THE CONTEXT OF DESIGN 9 Similarly, social research needs a design or a structure before datacollection or analysis can commence. A research design is not just a workplan. A work plan details what has to be done to complete the project butthe work plan will ¯ow from the projects research design. The function ofa research design is to ensure that the evidence obtained enables us to answer theinitial question as unambiguously as possible. Obtaining relevant evidenceentails specifying the type of evidence needed to answer the researchquestion, to test a theory, to evaluate a programme or to accuratelydescribe some phenomenon. In other words, when designing researchwe need to ask: given this research question (or theory), what type ofevidence is needed to answer the question (or test the theory) in aconvincing way? Research design `deals with a logical problem and not a logisticalproblem (Yin, 1989: 29). Before a builder or architect can develop a workplan or order materials they must ®rst establish the type of buildingrequired, its uses and the needs of the occupants. The work plan ¯owsfrom this. Similarly, in social research the issues of sampling, method ofdata collection (e.g. questionnaire, observation, document analysis),design of questions are all subsidiary to the matter of `What evidence doI need to collect? Too often researchers design questionnaires or begin interviewing fartoo early ± before thinking through what information they require toanswer their research questions. Without attending to these researchdesign matters at the beginning, the conclusions drawn will normally beweak and unconvincing and fail to answer the research question.Design versus methodResearch design is different from the method by which data arecollected. Many research methods texts confuse research designs withmethods. It is not uncommon to see research design treated as a mode ofdata collection rather than as a logical structure of the inquiry. But thereis nothing intrinsic about any research design that requires a particularmethod of data collection. Although cross-sectional surveys are fre-quently equated with questionnaires and case studies are often equatedwith participant observation (e.g. Whytes Street Corner Society, 1943),data for any design can be collected with any data collection method(Figure 1.5). How the data are collected is irrelevant to the logic of thedesign. Failing to distinguish between design and method leads to poorevaluation of designs. Equating cross-sectional designs with question-naires, or case studies with participant observation, means that thedesigns are often evaluated against the strengths and weaknesses of themethod rather than their ability to draw relatively unambiguous conclu-sions or to select between rival plausible hypotheses.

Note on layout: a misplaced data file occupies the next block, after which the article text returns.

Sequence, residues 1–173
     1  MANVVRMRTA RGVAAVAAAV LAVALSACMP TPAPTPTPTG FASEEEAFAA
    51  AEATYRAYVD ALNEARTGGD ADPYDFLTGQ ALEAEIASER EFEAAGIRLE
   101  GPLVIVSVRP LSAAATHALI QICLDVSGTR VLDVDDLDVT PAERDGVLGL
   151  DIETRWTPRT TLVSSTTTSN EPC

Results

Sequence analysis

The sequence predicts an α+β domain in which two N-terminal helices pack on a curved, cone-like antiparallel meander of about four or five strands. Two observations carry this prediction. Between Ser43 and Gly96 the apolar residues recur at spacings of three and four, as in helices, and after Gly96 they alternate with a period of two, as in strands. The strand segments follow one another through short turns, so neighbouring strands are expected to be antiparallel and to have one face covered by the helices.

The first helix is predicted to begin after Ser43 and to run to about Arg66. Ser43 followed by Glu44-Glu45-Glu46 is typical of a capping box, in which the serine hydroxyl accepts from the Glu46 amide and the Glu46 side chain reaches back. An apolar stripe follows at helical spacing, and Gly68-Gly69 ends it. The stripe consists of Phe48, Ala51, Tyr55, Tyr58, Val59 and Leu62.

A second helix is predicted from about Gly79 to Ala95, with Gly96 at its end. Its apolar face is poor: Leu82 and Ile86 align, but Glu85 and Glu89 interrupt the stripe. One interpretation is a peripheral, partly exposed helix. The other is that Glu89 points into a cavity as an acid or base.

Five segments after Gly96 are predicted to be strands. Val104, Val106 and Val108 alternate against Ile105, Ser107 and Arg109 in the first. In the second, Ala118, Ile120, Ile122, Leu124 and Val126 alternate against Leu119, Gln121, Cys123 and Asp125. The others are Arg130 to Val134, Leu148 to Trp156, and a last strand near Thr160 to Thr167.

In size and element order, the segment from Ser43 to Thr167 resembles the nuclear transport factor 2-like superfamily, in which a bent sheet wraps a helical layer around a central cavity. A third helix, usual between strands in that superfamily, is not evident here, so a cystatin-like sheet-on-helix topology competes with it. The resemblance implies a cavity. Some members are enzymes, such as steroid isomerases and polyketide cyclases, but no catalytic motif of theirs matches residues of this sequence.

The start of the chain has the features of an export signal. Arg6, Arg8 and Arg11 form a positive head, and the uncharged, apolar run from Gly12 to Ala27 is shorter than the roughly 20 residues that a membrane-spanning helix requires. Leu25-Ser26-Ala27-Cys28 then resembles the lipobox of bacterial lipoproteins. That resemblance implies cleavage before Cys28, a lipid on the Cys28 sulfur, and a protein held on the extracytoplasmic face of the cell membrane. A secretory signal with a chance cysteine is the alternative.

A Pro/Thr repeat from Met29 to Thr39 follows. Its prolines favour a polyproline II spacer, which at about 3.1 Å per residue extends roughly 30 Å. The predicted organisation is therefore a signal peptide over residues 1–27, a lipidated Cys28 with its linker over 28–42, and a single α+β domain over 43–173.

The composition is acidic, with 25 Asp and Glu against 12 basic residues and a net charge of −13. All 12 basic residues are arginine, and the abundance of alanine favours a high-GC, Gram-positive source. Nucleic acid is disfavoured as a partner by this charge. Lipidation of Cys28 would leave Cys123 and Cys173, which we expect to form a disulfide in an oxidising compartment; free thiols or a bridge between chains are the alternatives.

10 WHAT IS RESEARCH DESIGN? Design Longitudinal Cross-sectional Experiment Case study type design design Questionnaire Questionnaire Questionnaire Questionnaire Method Interview Interview Interview Interview of data (structured or (structured or (structured or (structured or collection loosely loosely loosely loosely structured) structured) structured) structured) Observation Observation Observation Observation Analysis of Analysis of Analysis of Analysis of documents documents documents documents Unobtrusive Unobtrusive Unobtrusive Unobtrusive methods methods methods methodsFigure 1.5 Relationship between research design and particular data collectionmethodsQuantitative and qualitative researchSimilarly, designs are often equated with qualitative and quantitativeresearch methods. Social surveys and experiments are frequently viewedas prime examples of quantitative research and are evaluated against thestrengths and weaknesses of statistical, quantitative research methodsand analysis. Case studies, on the other hand, are often seen as primeexamples of qualitative research ± which adopts an interpretive approachto data, studies `things within their context and considers the subjectivemeanings that people bring to their situation. It is erroneous to equate a particular research design with eitherquantitative or qualitative methods. Yin (1993), a respected authority oncase study design, has stressed the irrelevance of the quantitative/qualitative distinction for case studies. He points out that: